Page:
Positive Education Program’s founding nearly half a century ago by Dr. Rico Pallotta – a local educator known for his work with children with special needs – can be traced to a quest for values. If he were to launch an organization that served the region’s most challenging students and their families, Pallotta felt it must be anchored in a belief system that would outlast educational and psychological fads.
While attending a conference in Chicago, Pallotta discovered that system: Re-EDucation. This revolutionary approach to working with children focuses on discovering and building upon the existing strengths of children – not dwelling on their weaknesses or deficiencies. The idea is that these positive attributes can ultimately occupy more of their being. The key to that work – according to Dr. Nicholas Hobbs, a nationally respected psychologist, and Re-ED’s architect – is a group of dedicated teacher-counselors. Teacher-counselors are caring adults who are strong in mind and heart and believe in the children they serve. The trust that develops between an adult and child, Hobbs wrote, is the “glue that holds teaching and learning together.”
Answering the call
In the fall of 1971, with Re-ED as its north star, PEP opened as a modest training and consulting organization in the former Moreland Elementary School in Shaker Heights. PEP has since grown in size and scope, with a variety of services – both direct and consultative in nature – for children with severe mental health and behavioral challenges, their families and the professionals who support them.
In many ways, when leadership and innovation is called for in the special education and mental health sphere, PEP has always delivered.
Responding to a growing demand from area school districts for more intensive interventions, PEP in 1975 opened its first Day Treatment Center – today of which there are six. Over the years, the innovative Day Treatment model, which integrates special education and mental health services, has been heralded by the U.S. Department of Education and American Institutes for Research as one of the country’s most effective special education programs.
Many of the children PEP serves are often at risk of deeper system involvement, which could include being removed from their homes or communities. In the late 1980s, PEP developed Connections – in partnership with the Robert Wood Johnson Foundation, the then Cuyahoga County Mental Health Board and the Ohio Department of Mental Health – a program that could serve these youth through intensive case management and home-based treatment. Today, the program serves, on average, 500 youth each day helping them remain and ultimately thrive in their communities.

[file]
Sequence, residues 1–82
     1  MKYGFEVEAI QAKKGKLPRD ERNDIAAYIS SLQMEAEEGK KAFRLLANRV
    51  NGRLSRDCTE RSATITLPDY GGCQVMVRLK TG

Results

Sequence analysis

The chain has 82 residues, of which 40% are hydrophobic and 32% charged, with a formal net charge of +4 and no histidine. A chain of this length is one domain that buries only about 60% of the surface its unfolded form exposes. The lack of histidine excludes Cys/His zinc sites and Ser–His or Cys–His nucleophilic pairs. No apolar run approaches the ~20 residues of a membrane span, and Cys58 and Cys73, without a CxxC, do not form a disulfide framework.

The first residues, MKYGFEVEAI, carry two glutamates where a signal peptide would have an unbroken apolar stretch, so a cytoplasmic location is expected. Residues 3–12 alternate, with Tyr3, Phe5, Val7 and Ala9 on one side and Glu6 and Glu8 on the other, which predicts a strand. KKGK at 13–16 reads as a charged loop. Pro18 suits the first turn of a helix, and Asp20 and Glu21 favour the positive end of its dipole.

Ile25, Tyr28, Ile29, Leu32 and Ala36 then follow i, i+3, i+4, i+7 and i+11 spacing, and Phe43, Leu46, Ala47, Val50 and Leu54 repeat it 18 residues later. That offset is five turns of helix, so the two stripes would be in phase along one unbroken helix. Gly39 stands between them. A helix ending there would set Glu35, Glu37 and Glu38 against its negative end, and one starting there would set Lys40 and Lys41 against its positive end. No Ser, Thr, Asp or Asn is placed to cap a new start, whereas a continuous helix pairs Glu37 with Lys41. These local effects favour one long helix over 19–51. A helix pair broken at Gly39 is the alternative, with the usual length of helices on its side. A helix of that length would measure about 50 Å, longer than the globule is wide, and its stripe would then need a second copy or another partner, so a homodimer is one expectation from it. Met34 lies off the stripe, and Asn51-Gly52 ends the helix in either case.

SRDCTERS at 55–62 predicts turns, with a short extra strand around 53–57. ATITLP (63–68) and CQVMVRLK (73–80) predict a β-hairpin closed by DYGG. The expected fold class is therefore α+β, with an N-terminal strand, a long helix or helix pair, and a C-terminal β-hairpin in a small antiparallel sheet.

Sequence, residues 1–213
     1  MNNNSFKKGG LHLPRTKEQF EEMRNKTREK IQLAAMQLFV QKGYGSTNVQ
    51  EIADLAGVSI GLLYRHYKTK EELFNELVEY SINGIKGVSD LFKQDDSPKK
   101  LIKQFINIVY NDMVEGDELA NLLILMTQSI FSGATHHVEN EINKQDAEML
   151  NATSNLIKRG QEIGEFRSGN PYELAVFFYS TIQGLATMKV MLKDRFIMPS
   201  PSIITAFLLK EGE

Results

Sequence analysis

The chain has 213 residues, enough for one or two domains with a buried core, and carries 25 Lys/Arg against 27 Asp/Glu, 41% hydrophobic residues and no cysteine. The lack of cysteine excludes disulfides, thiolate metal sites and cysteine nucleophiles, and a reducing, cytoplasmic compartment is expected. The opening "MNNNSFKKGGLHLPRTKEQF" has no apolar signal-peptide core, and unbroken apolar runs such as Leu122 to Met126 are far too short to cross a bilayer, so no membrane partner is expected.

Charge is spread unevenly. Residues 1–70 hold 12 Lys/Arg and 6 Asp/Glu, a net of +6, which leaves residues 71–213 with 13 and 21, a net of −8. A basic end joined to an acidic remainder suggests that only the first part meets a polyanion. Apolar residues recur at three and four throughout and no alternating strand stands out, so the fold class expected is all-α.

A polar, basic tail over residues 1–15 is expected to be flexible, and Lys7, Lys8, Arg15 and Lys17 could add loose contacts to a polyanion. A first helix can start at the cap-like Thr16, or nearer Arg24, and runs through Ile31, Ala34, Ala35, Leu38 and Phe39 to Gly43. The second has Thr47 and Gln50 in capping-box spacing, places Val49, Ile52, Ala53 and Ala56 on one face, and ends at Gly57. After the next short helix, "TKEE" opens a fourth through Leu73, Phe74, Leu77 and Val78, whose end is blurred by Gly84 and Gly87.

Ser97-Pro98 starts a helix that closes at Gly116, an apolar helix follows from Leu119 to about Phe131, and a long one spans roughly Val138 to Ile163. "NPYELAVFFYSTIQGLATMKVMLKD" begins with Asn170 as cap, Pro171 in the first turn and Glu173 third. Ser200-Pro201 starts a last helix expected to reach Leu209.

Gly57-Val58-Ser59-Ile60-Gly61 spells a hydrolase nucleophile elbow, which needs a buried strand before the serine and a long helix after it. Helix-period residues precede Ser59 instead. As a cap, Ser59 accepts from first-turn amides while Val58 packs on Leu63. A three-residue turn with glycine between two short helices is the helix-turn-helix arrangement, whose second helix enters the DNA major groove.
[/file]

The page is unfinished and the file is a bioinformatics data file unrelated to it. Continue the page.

For many years, PEP provided center-based services for the area’s youngest learners. Along the way, the agency developed nationally recognized expertise working with parents and other caregivers to shepherd healthy social-emotional development in a child’s earliest years. Today, the program known as Early Childhood Plus – PEP’s collection of early childhood services that provides consultation, training and support for parents, teachers and caregivers – impacts about 1,000 children each year.
Stable vision through stable leadership
Much like its guiding philosophy, consistent and stable leadership has been a hallmark of PEP’s operations. Pallotta served the organization he founded for 27 years until his death following a brief battle with pancreatic cancer. Dr. Frank Fecser, a veteran of the agency, took the reins and helped PEP reach new heights over the next two decades – namely by strengthening its services in the consultation and training arena, the expansion of day treatment offerings and the completion of PEP’s first capital campaign.
The campaign – Creating a Spectrum of Hope – raised significant funds to deepen PEP’s expertise with autism. PEP has worked extensively with children with autism since the mid-1980s – long before it became a high-profile diagnosis and other mental health providers in Greater Cleveland started serving this client population. The campaign strengthened the agency’s capabilities in this arena significantly with the opening of PEP Prentiss Autism Center – a state-of-the-art facility in Fairview Park named in recognition of a transformational gift from the Elisabeth Severance Prentiss Foundation.
Responding to PEP’s ongoing work with children and youth who have experienced significant trauma, the agency in 2010 embarked on a three-year initiative to adopt and implement The Sanctuary Model as an organizational mindset. It permeates how staff approach every situation and is emblematic of the agency’s commitment to learning and evolving.
PEP’s evolution continued in 2018 when Habeebah Grimes took over from Fecser after his four decades of service to the organization. After being promoted as chief clinical officer role in 2015, Grimes – who started at PEP as a one-on-one aide in 1999 – led PEP’s embrace and ultimate certification in evidence-based, trauma-informed practices, working closely with The ChildTrauma Academy.
As the funding environment has shifted, so has how and where PEP delivers its services – the constant being the dedication and spirit of 500 teacher-counselors committed to the principles of Re-ED. Today, PEP strengthens minds with heart through several programs, including six Day Treatment Centers, PEP Connections, PEP Assist and Early Childhood Plus – programs that in all touch more than 2,500 children each year. PEP remains committed to its mission of helping troubled and troubling children learn and grow.